Apr 12, 2010
Now that you know how to jibe, you need to know how to analyze any problems or stumbling blocks you may be coming across! Half the battle of learning the jibe is understanding what is going wrong and fixing it! There are a lot of problems that can occur and this week we will talk about the main ones and why they affect the overall outcome! I want you guys to be jibe masters so hopefully this is helping you.
1- Being afraid of turning due to not being in control- in order to get over this fear, you need to get low to the water and possibly bear upwind just a bit to slow things down. Once you have moved your back foot out of the strap, unhook from your harness and BEND THOSE KNEES to keep LOW and then start your carve.
2- Take smaller steps when taking your feet out of the straps! Any time you lift your feet off the board, it upsets the flow of the board through the water. You have to keep steady pressure on the board at all times. Think about sliding your feet out of the strap and sliding it across to the leeward rail in front of the back footstrap. Keeping your feet spread as far apart as possible helps you with stability on your board at all times- not just in the jibe!
3- Keeping your front arm straight forces you to have your weight forward in the turn. It also stops you from pulling the sail back, which makes you straighten your legs, and put all your weight to the tail of the board- In essence by doing this, you are hitting the brakes when you want to be accelerating!
4- Sometimes having too big of a sail can give you trouble. My advice is to learn with a bigger board and smaller sail.
1- When you can’t visualize yourself making the transition, you are in trouble. Get it in your head and practice it on land. Make the movements become second nature so that when you are in the heat of the moment, you know what to do!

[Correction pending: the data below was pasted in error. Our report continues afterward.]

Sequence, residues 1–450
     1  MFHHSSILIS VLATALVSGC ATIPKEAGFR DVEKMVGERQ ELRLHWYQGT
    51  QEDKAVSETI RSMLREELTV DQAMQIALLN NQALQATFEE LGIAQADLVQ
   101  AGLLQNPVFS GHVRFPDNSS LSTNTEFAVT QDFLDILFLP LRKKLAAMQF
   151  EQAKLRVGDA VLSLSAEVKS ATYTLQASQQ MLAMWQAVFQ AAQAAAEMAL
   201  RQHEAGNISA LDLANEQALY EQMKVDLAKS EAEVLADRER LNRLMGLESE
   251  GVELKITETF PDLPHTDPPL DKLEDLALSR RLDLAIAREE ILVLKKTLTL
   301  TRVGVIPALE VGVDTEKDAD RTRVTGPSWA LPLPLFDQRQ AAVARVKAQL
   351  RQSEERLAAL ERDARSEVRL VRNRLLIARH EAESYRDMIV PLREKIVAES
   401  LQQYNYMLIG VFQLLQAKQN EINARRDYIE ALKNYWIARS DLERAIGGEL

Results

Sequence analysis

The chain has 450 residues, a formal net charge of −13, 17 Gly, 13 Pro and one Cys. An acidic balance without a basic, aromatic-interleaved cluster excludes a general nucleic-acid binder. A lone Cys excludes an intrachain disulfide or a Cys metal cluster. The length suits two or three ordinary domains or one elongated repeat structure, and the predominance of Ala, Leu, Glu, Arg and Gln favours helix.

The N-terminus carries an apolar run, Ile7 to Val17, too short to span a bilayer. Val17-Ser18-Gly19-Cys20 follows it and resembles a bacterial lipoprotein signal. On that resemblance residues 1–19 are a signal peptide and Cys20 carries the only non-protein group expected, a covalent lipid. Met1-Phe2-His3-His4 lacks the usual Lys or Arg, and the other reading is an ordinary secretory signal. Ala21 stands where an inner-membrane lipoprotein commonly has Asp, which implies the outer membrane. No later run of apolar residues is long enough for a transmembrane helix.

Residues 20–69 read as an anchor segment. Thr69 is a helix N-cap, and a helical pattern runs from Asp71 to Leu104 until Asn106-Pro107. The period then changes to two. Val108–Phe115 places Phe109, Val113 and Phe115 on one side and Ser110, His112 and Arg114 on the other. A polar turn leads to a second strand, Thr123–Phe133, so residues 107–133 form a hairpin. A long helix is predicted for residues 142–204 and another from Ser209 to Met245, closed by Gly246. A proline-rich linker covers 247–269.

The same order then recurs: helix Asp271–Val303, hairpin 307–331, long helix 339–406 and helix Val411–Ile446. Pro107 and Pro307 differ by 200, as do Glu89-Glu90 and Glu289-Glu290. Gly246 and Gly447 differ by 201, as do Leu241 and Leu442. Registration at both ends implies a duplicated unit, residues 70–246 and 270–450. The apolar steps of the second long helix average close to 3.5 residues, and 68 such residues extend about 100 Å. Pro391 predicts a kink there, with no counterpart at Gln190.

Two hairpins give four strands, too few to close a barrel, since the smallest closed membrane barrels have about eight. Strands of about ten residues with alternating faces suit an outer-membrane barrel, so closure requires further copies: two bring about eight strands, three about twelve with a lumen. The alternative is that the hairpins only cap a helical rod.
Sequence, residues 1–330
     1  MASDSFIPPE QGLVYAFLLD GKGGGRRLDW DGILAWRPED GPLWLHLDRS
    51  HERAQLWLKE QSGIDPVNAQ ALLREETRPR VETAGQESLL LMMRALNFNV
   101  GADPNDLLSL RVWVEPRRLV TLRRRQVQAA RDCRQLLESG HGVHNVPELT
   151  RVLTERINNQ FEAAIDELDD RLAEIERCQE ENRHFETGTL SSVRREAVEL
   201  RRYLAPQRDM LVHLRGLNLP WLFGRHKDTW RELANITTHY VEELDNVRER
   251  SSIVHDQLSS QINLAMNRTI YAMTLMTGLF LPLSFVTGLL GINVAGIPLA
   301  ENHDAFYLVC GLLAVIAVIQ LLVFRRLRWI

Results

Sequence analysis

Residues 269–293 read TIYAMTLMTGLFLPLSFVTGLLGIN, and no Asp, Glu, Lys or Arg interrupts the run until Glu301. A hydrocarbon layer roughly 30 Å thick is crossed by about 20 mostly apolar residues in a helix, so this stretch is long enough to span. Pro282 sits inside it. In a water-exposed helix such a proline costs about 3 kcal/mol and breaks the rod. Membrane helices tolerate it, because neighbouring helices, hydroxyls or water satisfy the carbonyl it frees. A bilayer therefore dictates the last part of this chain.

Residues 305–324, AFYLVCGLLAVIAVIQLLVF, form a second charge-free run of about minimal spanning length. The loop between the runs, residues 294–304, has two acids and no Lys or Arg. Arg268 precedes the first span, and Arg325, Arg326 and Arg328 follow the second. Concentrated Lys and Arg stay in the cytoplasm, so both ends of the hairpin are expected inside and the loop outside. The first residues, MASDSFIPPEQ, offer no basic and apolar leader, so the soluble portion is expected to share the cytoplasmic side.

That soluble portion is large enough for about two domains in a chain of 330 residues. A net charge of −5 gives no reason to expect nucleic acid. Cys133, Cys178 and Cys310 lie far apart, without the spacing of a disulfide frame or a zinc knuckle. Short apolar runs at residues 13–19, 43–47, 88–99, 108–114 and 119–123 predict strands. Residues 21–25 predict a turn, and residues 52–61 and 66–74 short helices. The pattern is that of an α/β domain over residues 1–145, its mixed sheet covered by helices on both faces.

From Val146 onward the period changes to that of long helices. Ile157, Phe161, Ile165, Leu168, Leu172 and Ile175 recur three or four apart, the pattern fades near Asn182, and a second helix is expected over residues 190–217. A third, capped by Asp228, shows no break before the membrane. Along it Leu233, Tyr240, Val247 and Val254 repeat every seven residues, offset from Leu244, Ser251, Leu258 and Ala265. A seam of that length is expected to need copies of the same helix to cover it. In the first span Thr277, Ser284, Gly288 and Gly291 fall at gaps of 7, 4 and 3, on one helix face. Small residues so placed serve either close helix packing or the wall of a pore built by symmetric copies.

2- Timing of the flip and switch. If you wait too long to make your transition, the board will round up into the wind and the sail will pull you over. If you have this happen to you a lot, try switching your feet and forcing the sail to flip earlier in your transition zone. This will allow you to draw out the turn more and keep your speed to the exit zone.
3- Pulling the sail to close to you- I see a lot of people in the transition zone bring the sail in to their body- When you do this, you no longer have the sail to help hold you up; you are relying on your balance alone and that is not good enough when all that water is moving around you. Keep that front arm extended so that the rig is helping you stay balanced on your board. Push down with your front arm to keep the power of the rig turning the nose area of the board- set that forward leeward rail in the water, this gives you control of the turn. Use your back hand to make minor adjustments to keep things steady.
4- Sail flip- when it is time to make that flip, be aggressive and really THROW the sail around. Once you release from the throw, be sure to REACH over and grab the new boom.
5- Foot Flip- when you are throwing the sail around; be sure you also switch your feet. Imagine you back leg and back arm are connected. When you PUSH with the backhand, STEP with the back leg- the two should work as one. When your foot lands right behind the mast track, be sure to stomp down on the board with force so that you keep the board moving. This also forces you to put your weight forward on the board to keep the wheels rolling!
1- Rounding up wind- this happens when your weight goes back. As soon as you straighten-out those legs your weight goes back and the brakes are hit! Once you lose your speed, you round up into the wind and stall out.
2- Fix it by making your transition earlier in the turn. Force the back hand to PUSH the sail around sooner. Draw out the arc of the curve so you have more time to exit on a plane.
3- Don’t get your hands caught- when you throw your sail with the backhand, REACH for the new boom. Don’t stumble around on the boom trying to get to the other side. Be direct; get to the new boom as soon as you can with one big movement.
4- Try to always be going downhill! Watch the water in front of you- try to keep from going back up a swell on your exit. If you keep going downhill, you will plane right out of it.
Sounds easy, doesn’t it? In theory it is, you just need to follow the recipe and you are on your way! If you don’t figure it out this season, you might have to sign up for one of our ALOHA WINDSURFING CLINICS happening on Maui throughout the year!
Three-Time World Champion, Matt Pritchard is sponsored by Gaastra Sails, Tabou Boards, Dakine, Kaenon Polarized and Camaro Wetsuits. If you want to learn more and improve your sailing, Check out ALOHA WINDSURFING CLINICS on Maui. Matt has teamed up with expert coach and awesome sailor Shawna Cropas and they will be doing monthly all inclusive clinics that will guarantee results!
Link is here: http://www.pritchardwindsurfing.com/content/view/15/36/